Get breaking news alerts via email

Click here to manage your alerts
Friends, family share stories of fallen Arizona Hotshots

< Previous Page



Join the Discussion
Post a Comment

Grant McKee, 21, was training to be an emergency technician and only intended to work for with the Hotshots for the summer.

During EMT training, he would ask for extra shifts at the emergency room and would get them because his superiors liked him, said his mother, Laurie McKee.

"Grant was one of the most likable people you could ever meet," she said. "Grant was friendly, he was outgoing. Everybody loved Grant."

His giving nature also stuck out to his grandmother, Mary Hoffman. When Grant was younger, she’d ask where things were and he’d respond that someone else liked it so much that he gave it away.

"So on his birthday, I started to say, ‘I hope you’re going to keep this!" she said.

McKee had been engaged for 1 and a-half years to Leah Fine, whom he likened to "an angel." His family said he wanted to travel the world with her.

McKee’s cousin, Robert Caldwell, also was a Hotshot and killed on June 30.

"I had four grandchildren, but Grant was the sweetest most giving nature of any of my grandkids," Hoffman said. "We used to think he was a little angel."

story continues below
story continues below

McKee’s father, Scott McKee, praised his son and nephew for their courage and strength to do their jobs as Hotshots. At a public memorial for the men, McKee also was remembered for his upbeat attitude and relentless spirit.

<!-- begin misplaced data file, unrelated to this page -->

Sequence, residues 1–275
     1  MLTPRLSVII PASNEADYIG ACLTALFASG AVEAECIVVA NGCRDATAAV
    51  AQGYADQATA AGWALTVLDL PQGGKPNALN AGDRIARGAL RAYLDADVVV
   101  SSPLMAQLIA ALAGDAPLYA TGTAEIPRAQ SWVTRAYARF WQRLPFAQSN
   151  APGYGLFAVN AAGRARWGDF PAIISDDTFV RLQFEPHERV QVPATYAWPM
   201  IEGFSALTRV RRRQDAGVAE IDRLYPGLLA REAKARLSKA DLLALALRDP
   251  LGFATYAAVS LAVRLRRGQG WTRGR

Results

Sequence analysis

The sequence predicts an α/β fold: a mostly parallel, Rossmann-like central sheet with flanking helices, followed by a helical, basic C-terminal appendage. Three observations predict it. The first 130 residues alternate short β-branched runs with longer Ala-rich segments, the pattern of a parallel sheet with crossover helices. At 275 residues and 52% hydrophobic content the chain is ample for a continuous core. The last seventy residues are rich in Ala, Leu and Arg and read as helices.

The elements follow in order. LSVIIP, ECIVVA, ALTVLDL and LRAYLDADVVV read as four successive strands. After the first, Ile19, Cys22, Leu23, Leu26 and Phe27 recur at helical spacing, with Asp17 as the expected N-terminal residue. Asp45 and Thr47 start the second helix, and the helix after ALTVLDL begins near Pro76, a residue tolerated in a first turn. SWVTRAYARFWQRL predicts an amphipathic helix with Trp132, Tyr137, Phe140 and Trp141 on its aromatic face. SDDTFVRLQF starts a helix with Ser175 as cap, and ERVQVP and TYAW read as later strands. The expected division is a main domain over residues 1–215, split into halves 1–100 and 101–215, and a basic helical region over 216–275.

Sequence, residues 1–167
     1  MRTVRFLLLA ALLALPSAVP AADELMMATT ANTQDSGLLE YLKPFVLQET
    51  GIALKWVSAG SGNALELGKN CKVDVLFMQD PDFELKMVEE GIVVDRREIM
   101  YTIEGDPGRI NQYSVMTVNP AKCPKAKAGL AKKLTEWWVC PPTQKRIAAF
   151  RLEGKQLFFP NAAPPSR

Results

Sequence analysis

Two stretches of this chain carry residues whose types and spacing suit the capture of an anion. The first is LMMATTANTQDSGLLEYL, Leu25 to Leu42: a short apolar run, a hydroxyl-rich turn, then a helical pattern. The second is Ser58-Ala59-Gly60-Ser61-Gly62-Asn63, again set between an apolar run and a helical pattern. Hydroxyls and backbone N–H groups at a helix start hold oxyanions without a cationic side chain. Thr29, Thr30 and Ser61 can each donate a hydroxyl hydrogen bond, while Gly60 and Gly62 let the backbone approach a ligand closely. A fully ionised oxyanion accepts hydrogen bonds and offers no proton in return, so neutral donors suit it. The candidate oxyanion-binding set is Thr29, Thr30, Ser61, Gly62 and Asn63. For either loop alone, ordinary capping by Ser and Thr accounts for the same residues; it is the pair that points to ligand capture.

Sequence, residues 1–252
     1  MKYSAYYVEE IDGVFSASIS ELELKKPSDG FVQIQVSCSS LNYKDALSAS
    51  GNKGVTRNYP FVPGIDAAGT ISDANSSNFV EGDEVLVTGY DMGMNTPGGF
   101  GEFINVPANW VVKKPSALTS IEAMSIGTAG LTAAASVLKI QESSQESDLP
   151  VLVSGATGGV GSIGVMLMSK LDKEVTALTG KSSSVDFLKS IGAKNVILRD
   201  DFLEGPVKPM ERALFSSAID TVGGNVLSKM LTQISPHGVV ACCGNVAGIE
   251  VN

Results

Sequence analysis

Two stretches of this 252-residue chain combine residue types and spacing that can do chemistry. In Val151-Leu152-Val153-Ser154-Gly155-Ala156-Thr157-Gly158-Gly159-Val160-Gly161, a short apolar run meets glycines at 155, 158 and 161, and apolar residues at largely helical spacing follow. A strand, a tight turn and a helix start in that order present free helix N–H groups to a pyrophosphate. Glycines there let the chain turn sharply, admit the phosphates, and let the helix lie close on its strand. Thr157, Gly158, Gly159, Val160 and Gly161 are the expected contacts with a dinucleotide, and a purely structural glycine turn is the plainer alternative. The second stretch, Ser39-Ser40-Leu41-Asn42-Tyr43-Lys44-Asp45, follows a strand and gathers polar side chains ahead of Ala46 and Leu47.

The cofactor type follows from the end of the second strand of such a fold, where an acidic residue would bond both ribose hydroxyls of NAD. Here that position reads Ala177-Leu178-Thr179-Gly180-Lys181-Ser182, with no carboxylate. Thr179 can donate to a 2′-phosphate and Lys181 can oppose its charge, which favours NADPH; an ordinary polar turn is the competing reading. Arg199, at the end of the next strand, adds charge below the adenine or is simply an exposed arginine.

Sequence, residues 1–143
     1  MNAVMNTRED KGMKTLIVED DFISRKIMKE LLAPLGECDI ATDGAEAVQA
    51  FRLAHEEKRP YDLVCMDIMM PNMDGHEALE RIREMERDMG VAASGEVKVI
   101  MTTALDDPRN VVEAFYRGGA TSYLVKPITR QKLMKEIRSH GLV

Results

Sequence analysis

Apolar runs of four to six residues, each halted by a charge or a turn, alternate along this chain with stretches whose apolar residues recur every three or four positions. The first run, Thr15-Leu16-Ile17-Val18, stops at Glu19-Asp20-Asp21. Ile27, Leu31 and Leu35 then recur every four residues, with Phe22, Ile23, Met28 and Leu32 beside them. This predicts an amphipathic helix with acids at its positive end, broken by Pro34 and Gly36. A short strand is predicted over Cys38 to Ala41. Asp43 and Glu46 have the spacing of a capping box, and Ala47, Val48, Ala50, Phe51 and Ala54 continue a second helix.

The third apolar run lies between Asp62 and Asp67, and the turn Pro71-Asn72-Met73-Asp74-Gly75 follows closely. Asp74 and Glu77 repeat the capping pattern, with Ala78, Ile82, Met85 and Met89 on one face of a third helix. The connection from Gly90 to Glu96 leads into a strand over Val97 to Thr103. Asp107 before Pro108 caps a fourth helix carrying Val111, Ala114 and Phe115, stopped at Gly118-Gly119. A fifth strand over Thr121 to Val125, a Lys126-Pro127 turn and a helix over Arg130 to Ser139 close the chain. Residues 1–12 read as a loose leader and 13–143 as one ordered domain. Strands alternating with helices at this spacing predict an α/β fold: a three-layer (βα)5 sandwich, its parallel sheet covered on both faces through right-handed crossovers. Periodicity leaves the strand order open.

"They didn’t fall, they rose," Scott McKee said. "I wish I was half the man my son was."



Sean Misner, 26, loved football. He earned the name "Mighty Mouse" on his high school team in Santa Ynez, Calif., because of his size, tackling opponents with tremendous heart and desire," recalled retired football coach Ken Gruendyke.

"He wasn’t the biggest or fastest guy on the team, but he played with great emotion and intensity," he said.

Misner played football at Santa Barbara City College and dreamed of playing for the Dallas Cowboys but realized his true passion was firefighting. He followed in the path of his grandfather, great-grandfather, uncles and cousins.

Misner worked as a line tech at an aviation company in Prescott Valley while pursuing that passion. He joined the Granite Mountain Hotshots in April.

Just months before, he learned he and his wife were going to have a child. The couple met in 2010 while he worked at a grocery store in Santa Ynez and where he also coached high school football. Sean Jaxson Herbert Misner was born in August.

Next Page >

Copyright 2014 The Salt Lake Tribune. All rights reserved. This material may not be published, broadcast, rewritten or redistributed.

Top Reader Comments Read All Comments Post a Comment
Click here to read all comments   Click here to post a comment

About Reader Comments

Reader comments on sltrib.com are the opinions of the writer, not The Salt Lake Tribune. We will delete comments containing obscenities, personal attacks and inappropriate or offensive remarks. Flagrant or repeat violators will be banned. If you see an objectionable comment, please alert us by clicking the arrow on the upper right side of the comment and selecting "Flag comment as inappropriate". If you've recently registered with Disqus or aren't seeing your comments immediately, you may need to verify your email address. To do so, visit disqus.com/account.
See more about comments here.
Staying Connected
Contests and Promotions
  • Search Obituaries
  • Place an Obituary

  • Search Cars
  • Search Homes
  • Search Jobs
  • Search Marketplace
  • Search Legal Notices

  • Other Services
  • Advertise With Us
  • Subscribe to the Newspaper
  • Access your e-Edition
  • Frequently Asked Questions
  • Contact a newsroom staff member
  • Access the Trib Archives
  • Privacy Policy
  • Missing your paper? Need to place your paper on vacation hold? For this and any other subscription related needs, click here or call 801.204.6100.